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New York Giants Relaxed and Confident in Advance of Championship Game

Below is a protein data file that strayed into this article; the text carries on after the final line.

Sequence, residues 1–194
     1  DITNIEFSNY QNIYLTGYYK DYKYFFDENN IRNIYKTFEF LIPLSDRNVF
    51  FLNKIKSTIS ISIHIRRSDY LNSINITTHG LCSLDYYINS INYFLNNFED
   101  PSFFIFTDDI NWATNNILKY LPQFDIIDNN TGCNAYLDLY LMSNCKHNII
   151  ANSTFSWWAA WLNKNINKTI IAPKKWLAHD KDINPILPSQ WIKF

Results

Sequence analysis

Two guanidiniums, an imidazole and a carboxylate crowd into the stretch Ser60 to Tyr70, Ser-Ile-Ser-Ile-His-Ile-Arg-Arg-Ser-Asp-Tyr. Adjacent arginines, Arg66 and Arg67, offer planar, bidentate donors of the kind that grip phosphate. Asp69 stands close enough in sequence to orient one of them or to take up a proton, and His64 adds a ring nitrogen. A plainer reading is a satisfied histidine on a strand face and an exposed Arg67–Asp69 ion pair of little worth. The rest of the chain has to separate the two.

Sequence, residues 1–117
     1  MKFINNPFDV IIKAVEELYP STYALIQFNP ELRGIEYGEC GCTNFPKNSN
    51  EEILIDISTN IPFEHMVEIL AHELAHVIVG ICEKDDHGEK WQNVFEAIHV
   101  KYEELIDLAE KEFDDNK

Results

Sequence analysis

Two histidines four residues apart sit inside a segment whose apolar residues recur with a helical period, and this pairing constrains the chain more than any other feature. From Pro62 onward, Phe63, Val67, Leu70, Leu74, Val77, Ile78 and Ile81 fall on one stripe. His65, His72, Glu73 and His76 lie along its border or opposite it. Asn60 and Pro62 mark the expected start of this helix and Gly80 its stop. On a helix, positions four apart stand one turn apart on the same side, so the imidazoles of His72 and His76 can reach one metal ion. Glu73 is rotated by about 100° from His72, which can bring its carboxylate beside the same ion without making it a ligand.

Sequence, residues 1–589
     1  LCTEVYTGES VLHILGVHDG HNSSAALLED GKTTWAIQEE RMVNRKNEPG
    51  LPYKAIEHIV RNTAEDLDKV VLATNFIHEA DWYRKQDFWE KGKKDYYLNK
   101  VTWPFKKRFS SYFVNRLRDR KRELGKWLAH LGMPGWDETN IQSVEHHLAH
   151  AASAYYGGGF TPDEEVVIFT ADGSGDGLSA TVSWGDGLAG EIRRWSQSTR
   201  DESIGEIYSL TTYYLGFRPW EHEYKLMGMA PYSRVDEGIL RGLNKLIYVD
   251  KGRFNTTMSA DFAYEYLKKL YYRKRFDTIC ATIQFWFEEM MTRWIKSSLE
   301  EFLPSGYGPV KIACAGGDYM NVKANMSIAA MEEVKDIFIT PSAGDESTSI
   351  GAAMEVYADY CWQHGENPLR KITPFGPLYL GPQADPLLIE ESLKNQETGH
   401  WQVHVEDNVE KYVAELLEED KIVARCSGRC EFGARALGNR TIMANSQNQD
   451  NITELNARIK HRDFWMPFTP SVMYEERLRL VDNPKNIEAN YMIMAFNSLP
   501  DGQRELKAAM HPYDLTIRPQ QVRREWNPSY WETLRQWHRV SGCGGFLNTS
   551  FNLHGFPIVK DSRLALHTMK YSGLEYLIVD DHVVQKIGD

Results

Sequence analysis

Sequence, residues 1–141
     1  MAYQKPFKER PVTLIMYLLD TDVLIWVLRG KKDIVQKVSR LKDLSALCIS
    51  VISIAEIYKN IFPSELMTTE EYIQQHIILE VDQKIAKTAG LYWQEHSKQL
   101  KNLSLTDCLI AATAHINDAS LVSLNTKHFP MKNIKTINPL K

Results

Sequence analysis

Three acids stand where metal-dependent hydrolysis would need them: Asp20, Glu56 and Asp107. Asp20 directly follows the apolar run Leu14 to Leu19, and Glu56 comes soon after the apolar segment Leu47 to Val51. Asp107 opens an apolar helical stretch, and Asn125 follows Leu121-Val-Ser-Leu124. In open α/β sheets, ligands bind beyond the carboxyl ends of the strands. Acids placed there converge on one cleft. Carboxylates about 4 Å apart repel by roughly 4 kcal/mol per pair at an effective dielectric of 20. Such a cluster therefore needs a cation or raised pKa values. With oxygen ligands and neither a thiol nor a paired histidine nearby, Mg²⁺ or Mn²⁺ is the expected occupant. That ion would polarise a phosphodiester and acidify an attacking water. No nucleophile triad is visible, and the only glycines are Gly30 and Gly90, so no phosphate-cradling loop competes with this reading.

Dec. 27, 1963 - The New York Giants, who will battle the Bears Sunday at Wrigley Field for the NFL championship, were a relaxed and confident group as they stepped down the ramp from the chartered United airliner at Chicago’s O’Hare field. Sam Huff, the noted linebacker, was asked to comment on newspaper reports that the Bears had said they were glad they were meeting the Giants rather than the contending Pittsburgh Steelers. “So are we,” said Sam. Allie Sherman (pictured at Wrigley), the Giants’ youthful coach, comported himself with the poise of Perry Mason as his obligatory press conference. “The Bears say we have no weaknesses, and we say they have none,” Sherman said. “So, it’s a draw. Naturally, neither of these statements is true.” Sherman, a two-time loser in championship game competition, was asked what a head coach in his position does in preparing a team for such a key contest. “Well, you try to do what you can do best,” he said. “You don’t try to innovate. We’re a professional football team. Naturally, we’re thrilled to be here. But we’ve been in these things before. We’re not going to get hysterical — but we’re not going to be flat either. I anticipate no problems.” Meanwhile, commissioner Pete Rozelle, appearing at press headquarters in the Sheraton-Chicago hotel, said he was not concerned about the remote possibility of the game extending into darkness. If the score is tied at the end of the regulation playing time, league rules provide for a sudden death overtime. Wrigley Field, of course, is not equipped with lights, which prompted last week’s decision to move the start time up from 1 p.m. to noon. “We should have 4½ hours of reasonable light,” said Rozelle. “If we haven’t settled it in that time, game officials will have to decide whether it is too dark to continue.” Rozelle predicted that the expected record gross gate of nearly $1.5 million will produce a record player pool of roughly $750,000 to be divided between the Giants and the Bears. The projected gross gate does not include the league’s share of receipts from closed-circuit television, which Rozelle estimated would be between $25,000 and $50,000. The gross gate will include the following expected revenue sources: Sellout at ballpark, $500,000; NBC network television, $926,000; film rights, $25,000; and local radio (Chicago and New York), $10,000.


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